from The American Heritage® Dictionary of the English Language, 4th Edition
- n. Aversion to work or exertion; laziness; indolence.
- n. Any of various slow-moving, arboreal, edentate mammals of the family Bradypodidae of South and Central America, having long hooklike claws by which they hang upside down from tree branches and feeding on leaves, buds, and fruits, especially:
- n. A member of the genus Bradypus, having three long-clawed toes on each forefoot. Also called ai1, three-toed sloth.
- n. A member of the genus Choloepus, having two toes on each forefoot. Also called two-toed sloth, unau.
- n. A company of bears. See Synonyms at flock1.
from Wiktionary, Creative Commons Attribution/Share-Alike License
- n. Laziness; slowness in the mindset.
- n. A herbivorous, arboreal South American mammal of the families Megalonychidae and Bradypodidae, noted for its slowness and inactivity.
- n. A collective term for a group of bears.
- v. To be idle.
from the GNU version of the Collaborative International Dictionary of English
- n. Slowness; tardiness.
- n. Disinclination to action or labor; sluggishness; laziness; idleness.
- n. Any one of several species of arboreal edentates constituting the family Bradypodidæ, and the suborder Tardigrada. They have long exserted limbs and long prehensile claws. Both jaws are furnished with teeth (see Illust. of Edentata), and the ears and tail are rudimentary. They inhabit South and Central America and Mexico.
- intransitive v. To be idle.
from The Century Dictionary and Cyclopedia
- To be idle or slothful.
- To delay.
- n. Slowness; tardiness.
- n. Disinclination to action or labor; sluggishness; habitual indolence; laziness; idleness.
- n. A company: said of bears.
- n. A South American tardigrade edentate mammal of the family Bradypodidæ: so called from their slow and apparently awkward or clumsy movements.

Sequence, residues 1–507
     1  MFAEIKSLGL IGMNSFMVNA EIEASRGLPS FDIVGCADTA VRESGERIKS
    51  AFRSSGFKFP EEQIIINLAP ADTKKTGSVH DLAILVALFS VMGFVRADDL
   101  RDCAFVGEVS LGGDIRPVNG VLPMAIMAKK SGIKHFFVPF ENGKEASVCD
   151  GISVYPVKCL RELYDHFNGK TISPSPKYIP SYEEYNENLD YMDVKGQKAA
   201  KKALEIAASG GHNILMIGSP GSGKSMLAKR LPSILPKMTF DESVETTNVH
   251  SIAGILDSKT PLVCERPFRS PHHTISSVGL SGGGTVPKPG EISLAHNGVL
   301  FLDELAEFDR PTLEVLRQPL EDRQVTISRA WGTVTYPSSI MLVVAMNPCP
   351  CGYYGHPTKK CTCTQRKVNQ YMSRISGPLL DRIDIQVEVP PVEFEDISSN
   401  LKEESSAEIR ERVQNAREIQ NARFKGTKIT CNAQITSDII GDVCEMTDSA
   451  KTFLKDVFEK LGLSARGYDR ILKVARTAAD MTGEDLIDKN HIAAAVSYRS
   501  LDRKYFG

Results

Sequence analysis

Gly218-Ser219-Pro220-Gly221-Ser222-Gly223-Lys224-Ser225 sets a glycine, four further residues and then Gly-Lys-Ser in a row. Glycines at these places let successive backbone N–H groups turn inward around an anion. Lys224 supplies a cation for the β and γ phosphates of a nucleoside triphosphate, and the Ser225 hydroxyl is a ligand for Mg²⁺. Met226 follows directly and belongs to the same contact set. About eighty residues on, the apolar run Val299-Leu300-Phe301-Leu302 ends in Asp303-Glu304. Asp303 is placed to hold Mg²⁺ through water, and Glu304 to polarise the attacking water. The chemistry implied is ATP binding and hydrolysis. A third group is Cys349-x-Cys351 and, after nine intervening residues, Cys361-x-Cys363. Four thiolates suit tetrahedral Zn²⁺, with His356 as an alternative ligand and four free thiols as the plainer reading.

- n. One of the gigantic fossil gravigrade edentates, as a megatherium or mylodon. See cut under Mylodon.
- n. Synonyms Indolence, inertness, torpor, lumpishness. See idle.
- n. A Middle English form of sleuth.
from WordNet 3.0 Copyright 2006 by Princeton University. All rights reserved.
- n. a disinclination to work or exert yourself
- n. any of several slow-moving arboreal mammals of South America and Central America; they hang from branches back downward and feed on leaves and fruits
- n. apathy and inactivity in the practice of virtue (personified as one of the deadly sins)
There's a big floppy rabbit, slumped with the word "sloth" written across his giant paws.
In a world where an internet search for the word "sloth" delivers 8 million results in 0.06 of a second, the taskforce of old suddenly has a whiff of second-class post about it.
The use of the English word "sloth" gets the focus away from sadness.
People don’t tend to use the word sloth anymore, yet the Bible speaks in very strong terms about the issue of slothfulness or laziness.
Sid the sloth is one of the best characters to come along in a long time.
And the logical remedy for competitive sloth is stiffened antitrust enforcement.
The sloth is the only animal in the world to not have seven cervical (or neck) vertebrae (apart from manatees).
Rani could die, the sloth is missing the only family it has ever known, Mr. Munda and his daughter.
Penguins are hot heads, pelicans are cold hearted and the nose of a healthy sloth is cold and damp.
The Spanish word for sloth is perozoso which literally means lazy.